EPA's Coal Ash Rule a Good Start But Falls Short: Environmentalists

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Environmentalists have reacted favorably to the U.S. Environmental Protection Agency’s new coal ash rule, while saying the measures don’t go quite far enough.

“While we commend the EPA’s introduction of this first ever rule to help protect communities from this toxic by-product, this rule is just the first step in the right direction,” said Barbara Boyle, Senior Campaign Representative of Sierra Club’s Beyond Coal Campaign, in a statement. “We still need stricter standards before our state and nation handle coal ash to the level that is needed to truly protect the health of people and the environment. We will continue to work with the EPA to make sure coal ash is properly disposed of and monitored, now and in the future.”

The rules, issued on December 19—a deadline imposed by a 2013 consent decree related to a lawsuit over coal ash contamination that includes the Moapa Paiute as co-plaintiffs—call for closing above-ground storage areas and landfills that do not meet engineering and storage standards; requiring regular inspections of those facilities; relegating any new such facilities to be built far from wetlands and earthquake zones, among other sensitive areas; groundwater protection measures that include monitoring, immediate cleanup and closure of groundwater-polluting storage areas; reducing windblown dust, and mandating that new storage areas be properly lined. It also lays out parameters for recycling of some of the ash.

“EPA is taking action to protect our communities from the risk of mismanaged coal ash disposal units, and putting in place safeguards to help prevent the next catastrophic coal ash impoundment failure, which can cost millions for local businesses, communities and states,” said EPA Administrator Gina McCarthy in a statement. “These strong safeguards will protect drinking water from contamination, air from coal ash dust, and our communities from structural failures, while providing facilities a practical approach for implementation."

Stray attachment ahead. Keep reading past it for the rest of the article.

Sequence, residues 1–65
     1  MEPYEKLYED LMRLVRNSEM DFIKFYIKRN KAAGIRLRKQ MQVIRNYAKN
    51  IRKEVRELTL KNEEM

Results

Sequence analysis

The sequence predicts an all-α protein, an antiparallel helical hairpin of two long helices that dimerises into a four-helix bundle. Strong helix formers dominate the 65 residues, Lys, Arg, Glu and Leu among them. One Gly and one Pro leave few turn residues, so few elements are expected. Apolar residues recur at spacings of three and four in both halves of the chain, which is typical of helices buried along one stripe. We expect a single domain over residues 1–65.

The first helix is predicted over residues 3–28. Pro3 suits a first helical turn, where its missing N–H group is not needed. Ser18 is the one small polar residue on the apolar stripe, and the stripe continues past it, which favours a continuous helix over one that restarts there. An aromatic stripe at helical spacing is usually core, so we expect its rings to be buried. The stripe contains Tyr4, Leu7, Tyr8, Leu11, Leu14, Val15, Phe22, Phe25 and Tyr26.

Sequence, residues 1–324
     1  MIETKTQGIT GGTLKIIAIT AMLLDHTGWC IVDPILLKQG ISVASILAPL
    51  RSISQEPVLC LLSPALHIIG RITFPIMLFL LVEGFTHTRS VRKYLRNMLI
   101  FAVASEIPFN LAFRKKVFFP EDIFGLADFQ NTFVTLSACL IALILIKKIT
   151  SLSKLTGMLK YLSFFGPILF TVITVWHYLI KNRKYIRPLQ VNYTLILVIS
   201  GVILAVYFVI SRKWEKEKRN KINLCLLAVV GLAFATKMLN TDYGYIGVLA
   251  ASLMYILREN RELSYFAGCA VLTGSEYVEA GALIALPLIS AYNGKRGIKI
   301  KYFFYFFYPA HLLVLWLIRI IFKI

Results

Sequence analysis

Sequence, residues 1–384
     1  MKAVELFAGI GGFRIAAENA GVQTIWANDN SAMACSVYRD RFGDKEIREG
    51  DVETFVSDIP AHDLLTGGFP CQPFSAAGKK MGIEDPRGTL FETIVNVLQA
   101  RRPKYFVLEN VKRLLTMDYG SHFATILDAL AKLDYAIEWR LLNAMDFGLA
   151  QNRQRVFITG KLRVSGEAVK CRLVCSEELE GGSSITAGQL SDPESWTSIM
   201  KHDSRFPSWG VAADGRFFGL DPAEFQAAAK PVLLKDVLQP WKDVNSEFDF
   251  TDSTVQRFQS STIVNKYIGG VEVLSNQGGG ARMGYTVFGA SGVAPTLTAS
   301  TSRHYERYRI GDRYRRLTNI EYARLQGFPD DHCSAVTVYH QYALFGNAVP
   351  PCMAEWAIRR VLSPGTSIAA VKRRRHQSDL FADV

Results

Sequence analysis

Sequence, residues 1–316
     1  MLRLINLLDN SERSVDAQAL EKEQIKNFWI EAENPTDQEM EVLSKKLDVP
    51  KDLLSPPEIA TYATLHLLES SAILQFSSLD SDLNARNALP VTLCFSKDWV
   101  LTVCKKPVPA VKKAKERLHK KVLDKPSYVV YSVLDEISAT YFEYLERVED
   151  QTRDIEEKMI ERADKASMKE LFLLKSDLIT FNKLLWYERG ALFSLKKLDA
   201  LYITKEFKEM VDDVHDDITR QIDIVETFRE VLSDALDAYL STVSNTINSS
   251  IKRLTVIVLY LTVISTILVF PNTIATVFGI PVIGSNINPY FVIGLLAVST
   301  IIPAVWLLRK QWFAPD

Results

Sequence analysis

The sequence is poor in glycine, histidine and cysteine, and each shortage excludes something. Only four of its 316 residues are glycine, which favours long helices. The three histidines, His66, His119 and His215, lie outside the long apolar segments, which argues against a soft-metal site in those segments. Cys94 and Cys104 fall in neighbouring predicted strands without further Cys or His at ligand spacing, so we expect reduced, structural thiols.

After a 2008 coal ash spill in Tennessee that caused widespread contamination, the EPA assessed more than 500 storage facilities across the country, the agency said, finding numerous instances of disposal units for coal ash—the main waste product from coal-fired power plants—being badly constructed or managed.

A good 140 million tons of coal ash is produced annually, as the Sierra Club noted, and it is laden with toxic heavy metals including arsenic, lead and selenium. Leaching into drinking water and elsewhere in the environment, they pose a public health hazard by increasing the risks of cancer, learning disabilities, neurological disorders, birth defects and asthma, among other illnesses, the Sierra Club said.

“Coal ash in an unlined landfill, in settling ponds that disperse toxic materials in the desert winds, and on roads and other locations at the Reid Gardner site has plagued the nearby Moapa Band of Paiutes’ community for decades,” said Boyle in the Sierra Club statement.

RELATED: Moapa Paiute Sue Over Coal Plant Contaminants

The Reid Gardner plant is scheduled to close in 2017, but a 2013 lawsuit filed by the legal group EarthJustice on behalf of the Moapa Paiute and other plaintiffs alleges that there is no cleanup plan in place. Although the new EPA rule establishes basic requirements for spill remediation and groundwater monitoring, it does not address issues that were raised by catastrophic spills in North Carolina and Tennessee over the past few years, said EarthJustice.

“Today’s rule doesn’t prevent more tragic spills like the ones we are still trying to clean up in North Carolina and Tennessee,” Earthjustice attorney Lisa Evans said in a statement from the legal group. “And it won’t stop the slower moving disaster that is unfolding for communities around the country, as leaky coal ash ponds and dumps poison water.”

Noted Eric Schaeffer, Executive Director of the Environmental Integrity Project, “While EPA’s coal ash rule takes some long overdue steps to establish minimum national groundwater monitoring and cleanup standards, it relies too heavily on the industry to police itself.”